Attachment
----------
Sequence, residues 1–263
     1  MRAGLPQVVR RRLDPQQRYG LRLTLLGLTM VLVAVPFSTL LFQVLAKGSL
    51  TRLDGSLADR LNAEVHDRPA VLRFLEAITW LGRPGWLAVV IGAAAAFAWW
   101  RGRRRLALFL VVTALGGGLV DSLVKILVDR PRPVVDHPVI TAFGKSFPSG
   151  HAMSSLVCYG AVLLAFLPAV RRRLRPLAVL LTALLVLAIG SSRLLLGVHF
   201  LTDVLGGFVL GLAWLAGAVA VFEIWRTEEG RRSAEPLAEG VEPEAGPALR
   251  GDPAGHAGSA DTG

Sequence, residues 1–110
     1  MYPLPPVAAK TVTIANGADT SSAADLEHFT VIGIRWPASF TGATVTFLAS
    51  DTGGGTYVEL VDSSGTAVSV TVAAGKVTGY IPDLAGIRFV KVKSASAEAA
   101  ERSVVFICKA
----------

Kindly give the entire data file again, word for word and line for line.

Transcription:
Sequence, residues 1–263
     1  MRAGLPQVVR RRLDPQQRYG LRLTLLGLTM VLVAVPFSTL LFQVLAKGSL
    51  TRLDGSLADR LNAEVHDRPA VLRFLEAITW LGRPGWLAVV IGAAAAFAWW
   101  RGRRRLALFL VVTALGGGLV DSLVKILVDR PRPVVDHPVI TAFGKSFPSG
   151  HAMSSLVCYG AVLLAFLPAV RRRLRPLAVL LTALLVLAIG SSRLLLGVHF
   201  LTDVLGGFVL GLAWLAGAVA VFEIWRTEEG RRSAEPLAEG VEPEAGPALR
   251  GDPAGHAGSA DTG

Sequence, residues 1–110
     1  MYPLPPVAAK TVTIANGADT SSAADLEHFT VIGIRWPASF TGATVTFLAS
    51  DTGGGTYVEL VDSSGTAVSV TVAAGKVTGY IPDLAGIRFV KVKSASAEAA
   101  ERSVVFICKA